Saturday, December 31, 2011

2011 Best of List

Once again in 2011, only five books made it on to my best of the year list.

Best fiction of the year:

* The Informationist, by Taylor Stephens
* Gates of Fire, by Steven Pressfield
* Topic of Night, by Michael Gruber

Best non-fiction of the year:

* Jesus on Death Row, by Mark Osler
* On China, by Henry Kissinger
As usual, I like to keep track of the numbers -- just because.   I expected to have read more books in the latter part of 2011 but a move late in the year caused almost all of my reading queue to be boxed up, and my reading time to be consumed with packing and unpacking.   In 2011, of the 116 books I read, fiction outweighed non-fiction at 67 to 49.   But I'm expecting lots of reading time in 2011; I've promised myself to make it through the stack of books in the box before taking on any new titles!

Thursday, December 22, 2011

Keeping Pet Chickens, by Paul, Windham, and Stahlkuppe

This cute little book has excellent photos, but few of them as it is quite thin.   There is a narrow purpose for which I think this book might be very good:  if you are considering raising chickens and want to inch your way forward slowly as you determine if it will be fun for you, this, early on, provides just enough information to be a gate.   It explains enough so that you will have sufficient understanding to say either, "nope, not for me," or "okay, I'm game, now let's get a real book and learn some more."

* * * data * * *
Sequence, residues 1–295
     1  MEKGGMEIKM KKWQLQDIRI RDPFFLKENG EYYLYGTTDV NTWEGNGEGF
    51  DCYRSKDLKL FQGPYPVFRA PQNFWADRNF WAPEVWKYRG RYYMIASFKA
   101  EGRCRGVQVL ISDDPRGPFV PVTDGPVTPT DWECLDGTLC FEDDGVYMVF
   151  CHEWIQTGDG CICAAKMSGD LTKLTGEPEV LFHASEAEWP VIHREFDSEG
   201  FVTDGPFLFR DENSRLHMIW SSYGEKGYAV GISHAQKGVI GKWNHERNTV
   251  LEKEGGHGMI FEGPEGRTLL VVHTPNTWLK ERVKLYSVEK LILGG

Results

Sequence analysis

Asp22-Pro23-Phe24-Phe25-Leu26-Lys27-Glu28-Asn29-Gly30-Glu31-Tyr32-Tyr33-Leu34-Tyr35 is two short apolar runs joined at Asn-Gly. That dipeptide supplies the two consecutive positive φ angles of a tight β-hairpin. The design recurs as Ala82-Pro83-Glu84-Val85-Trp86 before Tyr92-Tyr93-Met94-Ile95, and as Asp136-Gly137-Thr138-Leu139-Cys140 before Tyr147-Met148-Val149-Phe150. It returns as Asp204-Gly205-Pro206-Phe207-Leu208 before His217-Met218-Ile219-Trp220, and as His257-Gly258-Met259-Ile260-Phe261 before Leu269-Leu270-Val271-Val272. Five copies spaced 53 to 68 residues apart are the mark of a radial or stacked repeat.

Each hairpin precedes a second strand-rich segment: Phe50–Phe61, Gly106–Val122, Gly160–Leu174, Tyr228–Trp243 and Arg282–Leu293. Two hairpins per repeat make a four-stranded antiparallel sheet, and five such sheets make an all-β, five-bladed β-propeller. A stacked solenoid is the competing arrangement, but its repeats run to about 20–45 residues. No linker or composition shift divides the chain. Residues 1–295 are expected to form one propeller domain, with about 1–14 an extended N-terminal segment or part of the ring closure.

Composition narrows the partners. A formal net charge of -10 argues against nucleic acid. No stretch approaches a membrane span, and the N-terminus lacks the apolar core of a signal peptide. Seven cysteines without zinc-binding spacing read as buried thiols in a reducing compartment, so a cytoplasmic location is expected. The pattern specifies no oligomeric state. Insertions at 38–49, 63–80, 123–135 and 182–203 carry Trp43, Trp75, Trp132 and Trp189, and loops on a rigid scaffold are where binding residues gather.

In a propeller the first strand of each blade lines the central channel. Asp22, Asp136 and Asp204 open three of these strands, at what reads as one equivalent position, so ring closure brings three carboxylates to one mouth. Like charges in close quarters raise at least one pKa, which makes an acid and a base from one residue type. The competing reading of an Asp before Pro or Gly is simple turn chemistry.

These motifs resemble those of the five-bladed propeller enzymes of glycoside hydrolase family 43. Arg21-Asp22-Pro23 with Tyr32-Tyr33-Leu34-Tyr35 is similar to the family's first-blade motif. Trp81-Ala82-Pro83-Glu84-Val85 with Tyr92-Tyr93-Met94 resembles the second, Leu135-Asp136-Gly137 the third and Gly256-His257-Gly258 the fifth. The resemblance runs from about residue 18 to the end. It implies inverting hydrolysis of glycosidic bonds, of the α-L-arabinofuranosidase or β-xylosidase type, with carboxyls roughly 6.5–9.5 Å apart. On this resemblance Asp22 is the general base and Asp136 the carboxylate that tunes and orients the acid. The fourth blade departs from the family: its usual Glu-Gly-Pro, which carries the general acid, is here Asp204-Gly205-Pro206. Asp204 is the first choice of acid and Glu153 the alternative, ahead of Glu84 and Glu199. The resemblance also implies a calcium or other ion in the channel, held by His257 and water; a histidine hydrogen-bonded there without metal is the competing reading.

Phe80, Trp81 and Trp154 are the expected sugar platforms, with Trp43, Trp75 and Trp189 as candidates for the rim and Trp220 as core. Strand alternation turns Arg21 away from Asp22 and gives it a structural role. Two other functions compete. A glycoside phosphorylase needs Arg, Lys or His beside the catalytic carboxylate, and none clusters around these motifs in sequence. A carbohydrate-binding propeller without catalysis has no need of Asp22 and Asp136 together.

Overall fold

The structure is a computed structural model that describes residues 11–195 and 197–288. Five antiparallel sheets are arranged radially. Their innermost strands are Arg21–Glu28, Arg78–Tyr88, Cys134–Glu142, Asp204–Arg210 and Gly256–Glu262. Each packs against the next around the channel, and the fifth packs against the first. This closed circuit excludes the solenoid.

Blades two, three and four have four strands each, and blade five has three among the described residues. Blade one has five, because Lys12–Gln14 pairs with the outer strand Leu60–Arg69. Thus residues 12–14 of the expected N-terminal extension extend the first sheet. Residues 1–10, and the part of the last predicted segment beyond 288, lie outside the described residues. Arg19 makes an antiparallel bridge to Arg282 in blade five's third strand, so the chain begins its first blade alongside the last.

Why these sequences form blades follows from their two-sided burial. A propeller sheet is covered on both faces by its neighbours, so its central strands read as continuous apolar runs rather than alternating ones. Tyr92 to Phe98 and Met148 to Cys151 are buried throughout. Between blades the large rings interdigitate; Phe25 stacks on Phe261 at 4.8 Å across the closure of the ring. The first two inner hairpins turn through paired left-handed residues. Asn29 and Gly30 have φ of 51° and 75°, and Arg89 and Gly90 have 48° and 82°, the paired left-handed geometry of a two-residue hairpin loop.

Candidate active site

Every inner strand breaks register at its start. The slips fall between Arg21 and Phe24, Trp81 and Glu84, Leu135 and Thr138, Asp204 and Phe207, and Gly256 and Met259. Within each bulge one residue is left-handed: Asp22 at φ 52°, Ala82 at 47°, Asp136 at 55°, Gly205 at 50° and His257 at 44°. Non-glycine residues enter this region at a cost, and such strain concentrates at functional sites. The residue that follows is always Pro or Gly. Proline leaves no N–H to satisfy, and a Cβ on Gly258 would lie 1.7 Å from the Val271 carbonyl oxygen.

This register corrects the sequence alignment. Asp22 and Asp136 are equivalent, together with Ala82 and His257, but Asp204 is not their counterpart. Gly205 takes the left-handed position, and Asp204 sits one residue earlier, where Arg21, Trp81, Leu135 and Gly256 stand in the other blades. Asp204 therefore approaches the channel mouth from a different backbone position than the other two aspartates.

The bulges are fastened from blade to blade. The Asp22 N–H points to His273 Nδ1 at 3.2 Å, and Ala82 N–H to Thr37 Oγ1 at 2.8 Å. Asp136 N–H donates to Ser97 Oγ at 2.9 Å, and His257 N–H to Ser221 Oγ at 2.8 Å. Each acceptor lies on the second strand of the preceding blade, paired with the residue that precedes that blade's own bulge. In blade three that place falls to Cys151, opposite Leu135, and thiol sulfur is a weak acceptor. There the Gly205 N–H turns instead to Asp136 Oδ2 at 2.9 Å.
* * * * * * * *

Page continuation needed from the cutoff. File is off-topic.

Wednesday, December 21, 2011

Reamde, by Neal Stephenson

Neal Stephenson's "Cryptonomicon" is one of my favorite novels ever.   Apparently this is true for many people, whose reviews of "Reamde" tend to the negative only so much as they compare this latest novel to his prior work.    But this is not a problem for me:  this is a terrific novel.

There are two primary heros:  Richard, who got rich smuggling marijuana between Canada and the USA and then went straight with a massively multi-player online role-playing game called "T'Rain."    And, Zula, Richard's adult niece, who demonstrates considerable resourcefulness under pressure.   Several secondary characters are well described.

The plot, as is typical of Stephenson, is complex and multi-layered.  Chinese game players (for profit) have hacked the game such that files on a player's computer get encrypted.  They require that one make a $73 payment (inside the game structure) to get the decryption code.   The game structure allows virtual currency to be converted to real world currency, so with enough players paying, there's big money to be made.

Russian mobsters get involved when some of their files are affected.   And from there, there's too much risk of plot spoilers to say more.

Bottom line:  ignore the reviews that say "I liked his other books better," and read "Reamde."